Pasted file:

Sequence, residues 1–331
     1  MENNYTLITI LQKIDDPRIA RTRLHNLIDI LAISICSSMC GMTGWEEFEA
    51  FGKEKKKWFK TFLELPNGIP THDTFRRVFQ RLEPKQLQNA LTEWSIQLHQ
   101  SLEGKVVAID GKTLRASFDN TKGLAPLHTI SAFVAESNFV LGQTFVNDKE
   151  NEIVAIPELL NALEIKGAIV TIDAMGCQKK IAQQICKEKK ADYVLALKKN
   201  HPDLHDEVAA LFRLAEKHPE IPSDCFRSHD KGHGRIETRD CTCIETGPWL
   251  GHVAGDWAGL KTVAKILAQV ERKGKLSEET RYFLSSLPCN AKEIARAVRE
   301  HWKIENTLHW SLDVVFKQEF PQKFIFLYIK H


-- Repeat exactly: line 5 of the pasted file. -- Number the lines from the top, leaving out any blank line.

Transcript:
   151  NEIVAIPELL NALEIKGAIV TIDAMGCQKK IAQQICKEKK ADYVLALKKN